The Future of Transatlantic Relations: Necessary and Possible Cooperation at Two Levels
The traditional transatlantic alliance, based on common values and strategic cooperation, is seriously questioned. The U.S. has been turning away from its role as a strong leader and reliable partner in international politics. This is a historic move that has also an immediate—though not yet entirely predictable—impact on Germany, which has long been embedded in a security system shaped by the U.S. and multilateral organizations such as NATO and the EU.
Given the current political atmosphere, Atlanticists might not face easy times. However, cooperation is even more necessary—and possible—at two different levels.
First: Since a strategic transatlantic partnership is not part of the political agenda in the White House, cooperation should be fostered at the institutional and operational level. This applies to multiple policy sectors (security policy, economy, science/academia) where cooperative structures have developed over many years and are considered as a necessity based on shared interests, beyond further political visions or ideologies. When envisaging new fields of cooperation there might be potential in fostering the strongly-requested European autonomy in security matters. For instance, the U.S. could be of major support in the context of increasing interoperability between EU military forces and command structures, but also in terms of cross-cooperation between police, military, and intelligence institutions.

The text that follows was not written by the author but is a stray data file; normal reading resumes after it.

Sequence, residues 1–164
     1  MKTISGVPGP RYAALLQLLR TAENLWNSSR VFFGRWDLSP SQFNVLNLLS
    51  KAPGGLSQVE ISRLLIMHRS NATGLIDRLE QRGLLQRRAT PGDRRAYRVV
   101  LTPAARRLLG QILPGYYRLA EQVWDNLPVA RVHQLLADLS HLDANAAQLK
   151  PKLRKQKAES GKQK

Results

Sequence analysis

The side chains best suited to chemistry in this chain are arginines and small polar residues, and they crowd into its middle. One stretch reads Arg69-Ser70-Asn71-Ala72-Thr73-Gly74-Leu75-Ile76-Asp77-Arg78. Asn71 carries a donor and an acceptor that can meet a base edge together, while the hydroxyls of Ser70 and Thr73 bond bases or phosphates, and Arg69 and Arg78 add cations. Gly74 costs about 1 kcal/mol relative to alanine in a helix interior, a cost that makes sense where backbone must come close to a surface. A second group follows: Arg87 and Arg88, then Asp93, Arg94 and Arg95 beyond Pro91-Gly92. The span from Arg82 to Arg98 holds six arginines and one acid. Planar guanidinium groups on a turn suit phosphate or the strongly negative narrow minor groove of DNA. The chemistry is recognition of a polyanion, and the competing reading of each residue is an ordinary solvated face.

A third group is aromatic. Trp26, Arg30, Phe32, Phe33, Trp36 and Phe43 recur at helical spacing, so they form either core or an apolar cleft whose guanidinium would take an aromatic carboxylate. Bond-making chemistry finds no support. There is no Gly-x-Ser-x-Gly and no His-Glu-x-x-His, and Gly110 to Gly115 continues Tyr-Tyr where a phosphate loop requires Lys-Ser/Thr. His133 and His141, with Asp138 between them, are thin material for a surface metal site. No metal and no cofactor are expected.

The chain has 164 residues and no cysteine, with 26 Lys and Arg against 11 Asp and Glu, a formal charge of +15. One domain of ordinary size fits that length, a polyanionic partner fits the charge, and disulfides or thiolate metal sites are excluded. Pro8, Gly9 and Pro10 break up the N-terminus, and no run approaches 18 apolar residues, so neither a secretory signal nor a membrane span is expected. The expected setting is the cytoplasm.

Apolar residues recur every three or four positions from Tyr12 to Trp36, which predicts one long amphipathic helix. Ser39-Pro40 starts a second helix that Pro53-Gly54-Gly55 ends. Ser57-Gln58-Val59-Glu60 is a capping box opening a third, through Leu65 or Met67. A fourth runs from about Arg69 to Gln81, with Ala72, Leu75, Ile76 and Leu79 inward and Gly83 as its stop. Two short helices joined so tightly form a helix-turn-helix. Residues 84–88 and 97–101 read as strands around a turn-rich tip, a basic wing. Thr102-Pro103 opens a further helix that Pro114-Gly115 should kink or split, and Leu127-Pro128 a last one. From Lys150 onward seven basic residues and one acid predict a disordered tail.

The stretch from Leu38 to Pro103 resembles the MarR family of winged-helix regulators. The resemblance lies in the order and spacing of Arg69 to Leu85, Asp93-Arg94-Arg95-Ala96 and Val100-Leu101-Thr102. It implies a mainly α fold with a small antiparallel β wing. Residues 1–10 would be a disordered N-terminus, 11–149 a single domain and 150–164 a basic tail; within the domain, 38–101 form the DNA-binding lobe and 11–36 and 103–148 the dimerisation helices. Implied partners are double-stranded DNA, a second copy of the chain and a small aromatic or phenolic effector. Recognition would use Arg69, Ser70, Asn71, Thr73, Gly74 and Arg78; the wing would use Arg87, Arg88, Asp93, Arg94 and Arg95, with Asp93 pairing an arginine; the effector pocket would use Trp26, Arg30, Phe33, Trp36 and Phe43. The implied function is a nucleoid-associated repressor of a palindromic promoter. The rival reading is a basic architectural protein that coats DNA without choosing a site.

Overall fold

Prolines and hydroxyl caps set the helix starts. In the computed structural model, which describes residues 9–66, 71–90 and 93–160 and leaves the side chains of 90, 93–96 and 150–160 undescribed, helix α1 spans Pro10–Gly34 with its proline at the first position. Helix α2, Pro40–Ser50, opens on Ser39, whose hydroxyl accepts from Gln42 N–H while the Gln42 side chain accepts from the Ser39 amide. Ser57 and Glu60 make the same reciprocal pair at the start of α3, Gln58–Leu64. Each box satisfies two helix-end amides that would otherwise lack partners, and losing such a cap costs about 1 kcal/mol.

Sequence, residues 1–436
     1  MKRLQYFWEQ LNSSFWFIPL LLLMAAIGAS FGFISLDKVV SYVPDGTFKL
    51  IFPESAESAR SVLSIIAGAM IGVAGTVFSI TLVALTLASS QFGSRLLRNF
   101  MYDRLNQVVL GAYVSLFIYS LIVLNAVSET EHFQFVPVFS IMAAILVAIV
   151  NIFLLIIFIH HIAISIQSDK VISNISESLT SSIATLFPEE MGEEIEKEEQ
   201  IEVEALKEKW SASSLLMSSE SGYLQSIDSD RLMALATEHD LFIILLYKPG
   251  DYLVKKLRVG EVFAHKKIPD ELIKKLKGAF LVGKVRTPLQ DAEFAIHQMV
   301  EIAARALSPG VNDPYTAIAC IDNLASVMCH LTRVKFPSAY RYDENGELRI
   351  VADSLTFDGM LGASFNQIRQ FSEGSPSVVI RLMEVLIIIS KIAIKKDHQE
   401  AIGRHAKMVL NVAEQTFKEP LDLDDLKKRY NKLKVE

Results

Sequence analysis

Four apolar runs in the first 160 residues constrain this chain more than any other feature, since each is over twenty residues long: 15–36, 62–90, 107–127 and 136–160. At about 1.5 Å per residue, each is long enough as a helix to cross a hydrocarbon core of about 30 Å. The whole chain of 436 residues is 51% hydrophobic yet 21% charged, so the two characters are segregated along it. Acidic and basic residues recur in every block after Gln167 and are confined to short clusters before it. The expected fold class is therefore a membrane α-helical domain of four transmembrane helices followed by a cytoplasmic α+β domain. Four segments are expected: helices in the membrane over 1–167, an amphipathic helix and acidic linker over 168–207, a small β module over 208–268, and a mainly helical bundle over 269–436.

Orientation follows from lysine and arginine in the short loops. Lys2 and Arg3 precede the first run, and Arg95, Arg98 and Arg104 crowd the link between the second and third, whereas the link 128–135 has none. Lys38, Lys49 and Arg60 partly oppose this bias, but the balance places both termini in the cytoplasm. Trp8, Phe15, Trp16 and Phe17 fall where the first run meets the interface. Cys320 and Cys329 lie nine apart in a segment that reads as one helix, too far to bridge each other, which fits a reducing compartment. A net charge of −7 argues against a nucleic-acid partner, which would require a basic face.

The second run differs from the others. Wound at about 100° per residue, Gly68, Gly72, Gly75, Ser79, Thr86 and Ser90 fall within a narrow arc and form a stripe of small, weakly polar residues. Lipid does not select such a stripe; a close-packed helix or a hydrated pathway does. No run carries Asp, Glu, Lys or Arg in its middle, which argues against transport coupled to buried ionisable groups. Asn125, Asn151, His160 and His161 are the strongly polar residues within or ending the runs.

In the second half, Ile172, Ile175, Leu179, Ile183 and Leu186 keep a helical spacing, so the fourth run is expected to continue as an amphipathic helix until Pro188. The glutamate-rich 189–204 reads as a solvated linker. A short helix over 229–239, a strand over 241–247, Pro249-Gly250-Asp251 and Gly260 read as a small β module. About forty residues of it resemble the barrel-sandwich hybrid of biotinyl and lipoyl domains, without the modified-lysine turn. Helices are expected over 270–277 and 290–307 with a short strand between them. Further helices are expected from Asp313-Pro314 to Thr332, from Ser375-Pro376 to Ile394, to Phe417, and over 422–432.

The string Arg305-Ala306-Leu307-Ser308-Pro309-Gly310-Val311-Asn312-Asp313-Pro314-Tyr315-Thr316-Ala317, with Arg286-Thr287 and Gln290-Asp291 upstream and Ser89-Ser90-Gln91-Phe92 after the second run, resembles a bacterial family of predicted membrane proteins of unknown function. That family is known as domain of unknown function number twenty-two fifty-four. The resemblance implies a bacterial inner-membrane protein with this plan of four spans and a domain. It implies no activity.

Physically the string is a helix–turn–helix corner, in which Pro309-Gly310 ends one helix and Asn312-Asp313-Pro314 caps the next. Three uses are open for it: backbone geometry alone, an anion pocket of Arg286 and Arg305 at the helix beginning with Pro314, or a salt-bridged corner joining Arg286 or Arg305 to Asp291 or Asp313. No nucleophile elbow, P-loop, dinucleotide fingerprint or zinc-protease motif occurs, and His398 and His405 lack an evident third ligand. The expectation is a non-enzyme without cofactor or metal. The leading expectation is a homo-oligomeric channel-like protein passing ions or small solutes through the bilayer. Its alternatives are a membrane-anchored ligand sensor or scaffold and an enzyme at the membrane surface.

There is the common challenge of finding answers to the question of the future of our political and societal model.
Second: On a broader and more existential level, there is the common challenge of finding answers to the question of the future of our political and societal model. The liberal order might be questioned by the economic success of rising states such as China. But the U.S. and European democracies are above all questioned from inside by increasing populist sentiments. It seems important to find ways to consolidate societies from within by proactively addressing topics such as social inequality, the fear of globalization, and growing mistrust toward political elites. Transatlantic cooperation will work neither at the strategic nor at the operational level as long as the majority of the population does not stand behind it.
Since institutional cooperation largely depends on solid structures and continuity, with regard to the first level administrative and political actors will play responsible roles on both sides of the Atlantic. Considering the second level, a much broader discourse including various actors from politics, economy, media, and civil society will be needed. The question of how our political system and society should look is one for the citizen, eventually concerning us all.
It might be a difficult task, but we need to prove that a shared culture of freedom, democracy, and the rule of law are basic principles worth fighting for.
We currently observe states that function economically well but do not follow our idea of liberal political systems. It might be a difficult task, but we need to prove that a shared culture of freedom, democracy, and the rule of law are basic principles worth fighting for. If Atlanticists want to remain rule-makers (instead of rule-takers) in international politics, then a deeper reflection and possibly reforms of our own systems are vital—in Germany and the U.S. alike.